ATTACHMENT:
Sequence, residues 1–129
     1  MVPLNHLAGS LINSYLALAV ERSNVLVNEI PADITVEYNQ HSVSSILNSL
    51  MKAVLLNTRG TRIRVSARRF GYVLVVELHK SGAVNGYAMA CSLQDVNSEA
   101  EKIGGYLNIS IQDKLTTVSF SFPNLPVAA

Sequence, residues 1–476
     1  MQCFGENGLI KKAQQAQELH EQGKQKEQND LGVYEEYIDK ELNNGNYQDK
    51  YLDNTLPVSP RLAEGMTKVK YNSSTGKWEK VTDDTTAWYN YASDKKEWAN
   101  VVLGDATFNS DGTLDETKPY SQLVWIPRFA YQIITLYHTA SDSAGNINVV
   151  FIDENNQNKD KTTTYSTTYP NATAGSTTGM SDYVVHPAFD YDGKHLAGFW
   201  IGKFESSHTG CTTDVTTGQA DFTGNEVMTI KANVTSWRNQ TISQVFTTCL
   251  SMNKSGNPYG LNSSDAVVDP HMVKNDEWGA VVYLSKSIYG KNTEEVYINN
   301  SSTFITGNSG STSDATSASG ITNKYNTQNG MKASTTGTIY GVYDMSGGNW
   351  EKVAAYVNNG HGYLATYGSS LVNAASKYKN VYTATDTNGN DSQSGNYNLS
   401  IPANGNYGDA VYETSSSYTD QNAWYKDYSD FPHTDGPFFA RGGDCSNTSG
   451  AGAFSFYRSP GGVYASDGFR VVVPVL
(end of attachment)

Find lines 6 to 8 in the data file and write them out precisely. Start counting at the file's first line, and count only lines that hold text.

     1  MQCFGENGLI KKAQQAQELH EQGKQKEQND LGVYEEYIDK ELNNGNYQDK
    51  YLDNTLPVSP RLAEGMTKVK YNSSTGKWEK VTDDTTAWYN YASDKKEWAN
   101  VVLGDATFNS DGTLDETKPY SQLVWIPRFA YQIITLYHTA SDSAGNINVV